I-55 icon: The house with a heritage
Published 9:11 pm Tuesday, July 25, 2017
“The house should be forever, not just for us.” — Natalie Herndon
As any commuter worth his coffee knows, the drive south from Jackson has its own particular landmarks to help define distance, important ones like the old peach stand at Terry, the old Stuckey’s at Gallman, the rainbowed barn — now gone missing — at Wesson.
And of course, there’s the white house at Exit 42. For Brookhaven residents, the sight of it means home is near, just as sure as a GPS announcing, “You have arrived.”
Yellowed newspaper clippings refer to this landmark as the old Dennet House or the Luther Jackson Place, but state documents identify the Greek Revival-style plantation home as the Henry Strong House, named in honor of the dwelling’s original owner, who is believed to have built it sometime around 1858.
Though the home was unscathed during the Civil War, its owners, ardent secessionists, chose to emigrate to Brazil after the South’s defeat. They apparently left behind not only their home, but a young lovesick Mississippian named Tom Atkins as well. Correspondence between Atkins and Henry Strong’s daughter was uncovered in a Florida attic in 1998, and Maria Elisa Byington, a descendant, brought the Brookhaven home’s long-forgotten occupants back to life on the pages of her book, “Letters from a Confederate Soldier to Miss Sally Strong.”
A testament to antebellum craftsmanship, the home still boasts hand-planed plank floors and enormous 12-inch-by-16-inch sills that bear the adze marks of manual laborers. Its chimneys and fireplaces are formed of bricks assumed to have been produced by slaves on the farm. Many of the original window panes remain in place.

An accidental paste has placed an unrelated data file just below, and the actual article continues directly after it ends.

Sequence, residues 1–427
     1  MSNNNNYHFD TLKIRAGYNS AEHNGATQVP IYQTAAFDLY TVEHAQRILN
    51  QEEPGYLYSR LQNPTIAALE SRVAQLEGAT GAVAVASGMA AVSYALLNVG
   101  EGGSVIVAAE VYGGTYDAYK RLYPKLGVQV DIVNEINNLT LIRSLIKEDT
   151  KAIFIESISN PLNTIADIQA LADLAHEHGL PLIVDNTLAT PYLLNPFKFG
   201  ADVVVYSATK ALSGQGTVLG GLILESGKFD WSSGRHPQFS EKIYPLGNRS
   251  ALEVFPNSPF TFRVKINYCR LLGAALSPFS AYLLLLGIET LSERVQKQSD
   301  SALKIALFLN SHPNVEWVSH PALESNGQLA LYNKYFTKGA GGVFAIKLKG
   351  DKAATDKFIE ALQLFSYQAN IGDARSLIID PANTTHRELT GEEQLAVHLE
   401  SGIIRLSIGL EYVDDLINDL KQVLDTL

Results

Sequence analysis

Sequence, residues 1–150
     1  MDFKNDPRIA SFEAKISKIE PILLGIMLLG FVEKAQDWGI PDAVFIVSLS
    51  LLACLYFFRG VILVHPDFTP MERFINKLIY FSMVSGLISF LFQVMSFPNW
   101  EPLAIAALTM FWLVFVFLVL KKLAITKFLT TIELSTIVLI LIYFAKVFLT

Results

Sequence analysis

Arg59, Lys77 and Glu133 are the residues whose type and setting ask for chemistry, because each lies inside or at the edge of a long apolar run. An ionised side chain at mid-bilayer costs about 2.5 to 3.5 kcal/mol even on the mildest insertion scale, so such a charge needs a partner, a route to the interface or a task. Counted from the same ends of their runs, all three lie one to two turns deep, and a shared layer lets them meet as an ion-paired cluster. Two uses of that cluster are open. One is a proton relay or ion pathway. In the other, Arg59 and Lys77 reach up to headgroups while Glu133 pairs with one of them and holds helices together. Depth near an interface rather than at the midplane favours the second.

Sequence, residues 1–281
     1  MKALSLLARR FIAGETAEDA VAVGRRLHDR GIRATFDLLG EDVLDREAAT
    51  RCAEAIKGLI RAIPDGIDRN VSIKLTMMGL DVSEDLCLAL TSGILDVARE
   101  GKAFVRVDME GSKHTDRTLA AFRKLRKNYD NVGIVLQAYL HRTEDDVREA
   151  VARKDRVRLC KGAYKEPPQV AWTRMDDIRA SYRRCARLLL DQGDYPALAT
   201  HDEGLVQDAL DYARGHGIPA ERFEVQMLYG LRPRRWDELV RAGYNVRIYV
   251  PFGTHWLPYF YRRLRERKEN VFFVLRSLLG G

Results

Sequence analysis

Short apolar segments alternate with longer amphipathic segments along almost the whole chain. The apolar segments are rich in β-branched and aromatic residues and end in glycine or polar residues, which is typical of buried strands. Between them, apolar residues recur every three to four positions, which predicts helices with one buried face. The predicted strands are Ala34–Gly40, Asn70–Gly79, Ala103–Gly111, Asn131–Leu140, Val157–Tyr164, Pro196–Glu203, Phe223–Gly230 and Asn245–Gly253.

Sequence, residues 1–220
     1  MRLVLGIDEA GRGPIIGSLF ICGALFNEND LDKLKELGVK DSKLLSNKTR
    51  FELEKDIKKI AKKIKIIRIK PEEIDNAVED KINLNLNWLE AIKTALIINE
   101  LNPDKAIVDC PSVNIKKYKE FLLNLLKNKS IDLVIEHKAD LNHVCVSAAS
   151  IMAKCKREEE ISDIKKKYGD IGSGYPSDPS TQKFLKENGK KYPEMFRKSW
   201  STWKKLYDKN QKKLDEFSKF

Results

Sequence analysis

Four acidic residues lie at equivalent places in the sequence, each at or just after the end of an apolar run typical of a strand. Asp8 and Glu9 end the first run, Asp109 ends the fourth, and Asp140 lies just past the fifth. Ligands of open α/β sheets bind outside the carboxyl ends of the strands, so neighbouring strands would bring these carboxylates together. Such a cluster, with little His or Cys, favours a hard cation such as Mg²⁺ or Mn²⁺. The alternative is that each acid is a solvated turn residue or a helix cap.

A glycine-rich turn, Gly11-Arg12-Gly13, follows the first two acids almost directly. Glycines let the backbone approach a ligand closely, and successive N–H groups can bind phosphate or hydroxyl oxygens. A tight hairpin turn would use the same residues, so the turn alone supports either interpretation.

Today, with 18-wheelers rolling just yards away, it’s hard to imagine what the view from the Strongs’ front porch must have been like when the home and its 3,000 acres were first inhabited. Or when a saw mill operated on the premises. Or when the home served as a schoolhouse. Though change has come, the exterior of the home remains grandly symmetrical, from the evenly-spaced windows spanning the lengths of two stories, to the cedars flanking its sides. The trees themselves symbolize yet another name the property claims — Cedar Hills Farm.
The late Natalie Herndon told me she chose the title while she and her husband were seeking historic landmark designation for the property, a quest that succeeded in 2006. When the couple bought the land in the 1980s for our quarter horse business, she said “the house just came along as lagniappe, but we recognized the house should be forever, and not just for us.” The Mississippi Department of Archives and History agreed.
The MDAH works with property owners to insure history is preserved for both present and future generations. Because of its designation, the Henry Strong House is now protected by a perpetual preservation easement, which means that any proposed changes to the property must be reviewed and approved before they’re made.
It’s also a recognition that enabled the home to receive a grant funding repairs necessary after Hurricane Katrina.
According to Ron Miller, director of the MDAH Gulf Coast office that oversaw the restoration efforts, work was done on the home’s roof, siding, plastered walls, and foundation.
“We rehabilitated the house all over as best we could with the allocated funds,” he recalls. “Not only is it a remarkable survivor of rural heritage, but it’s also an excellent work of architecture, too.”
When I interviewed Miller, he explained that the form of the house is striking: “It’s what’s known as an I-house, because houses similar to it are found mostly in the “I” states — Illinois, Indiana, Iowa. You don’t see them in Natchez, but they were popular in Copiah and Lincoln counties.” I-houses are two-storied, have side gables, and are at least two rooms long and one room deep. In the South, they usually feature wide front porches, as does the Strong House.
And, in a reference to the commuter miles, Miller points out what he thinks truly sets the property apart from Mississippi’s other historical landmarks — you can see it from the interstate.
Kim Henderson is a freelance writer. Contact her at firstname.lastname@example.org.